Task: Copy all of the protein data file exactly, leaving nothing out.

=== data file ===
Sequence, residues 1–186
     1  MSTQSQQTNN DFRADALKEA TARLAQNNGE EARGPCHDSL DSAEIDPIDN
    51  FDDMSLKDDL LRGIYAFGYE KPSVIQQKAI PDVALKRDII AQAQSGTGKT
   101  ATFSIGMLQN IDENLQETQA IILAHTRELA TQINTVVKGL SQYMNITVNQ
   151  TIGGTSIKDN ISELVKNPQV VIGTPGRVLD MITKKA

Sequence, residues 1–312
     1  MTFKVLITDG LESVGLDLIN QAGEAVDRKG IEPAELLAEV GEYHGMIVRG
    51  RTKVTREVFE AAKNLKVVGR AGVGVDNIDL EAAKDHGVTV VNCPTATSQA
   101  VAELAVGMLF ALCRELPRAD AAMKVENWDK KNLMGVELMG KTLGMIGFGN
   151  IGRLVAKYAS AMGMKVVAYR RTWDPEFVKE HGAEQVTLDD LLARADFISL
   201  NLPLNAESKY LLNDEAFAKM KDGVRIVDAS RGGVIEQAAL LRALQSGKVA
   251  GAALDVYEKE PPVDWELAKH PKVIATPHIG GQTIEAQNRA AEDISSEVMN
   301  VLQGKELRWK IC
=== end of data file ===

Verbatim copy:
Sequence, residues 1–186
     1  MSTQSQQTNN DFRADALKEA TARLAQNNGE EARGPCHDSL DSAEIDPIDN
    51  FDDMSLKDDL LRGIYAFGYE KPSVIQQKAI PDVALKRDII AQAQSGTGKT
   101  ATFSIGMLQN IDENLQETQA IILAHTRELA TQINTVVKGL SQYMNITVNQ
   151  TIGGTSIKDN ISELVKNPQV VIGTPGRVLD MITKKA

Sequence, residues 1–312
     1  MTFKVLITDG LESVGLDLIN QAGEAVDRKG IEPAELLAEV GEYHGMIVRG
    51  RTKVTREVFE AAKNLKVVGR AGVGVDNIDL EAAKDHGVTV VNCPTATSQA
   101  VAELAVGMLF ALCRELPRAD AAMKVENWDK KNLMGVELMG KTLGMIGFGN
   151  IGRLVAKYAS AMGMKVVAYR RTWDPEFVKE HGAEQVTLDD LLARADFISL
   201  NLPLNAESKY LLNDEAFAKM KDGVRIVDAS RGGVIEQAAL LRALQSGKVA
   251  GAALDVYEKE PPVDWELAKH PKVIATPHIG GQTIEAQNRA AEDISSEVMN
   301  VLQGKELRWK IC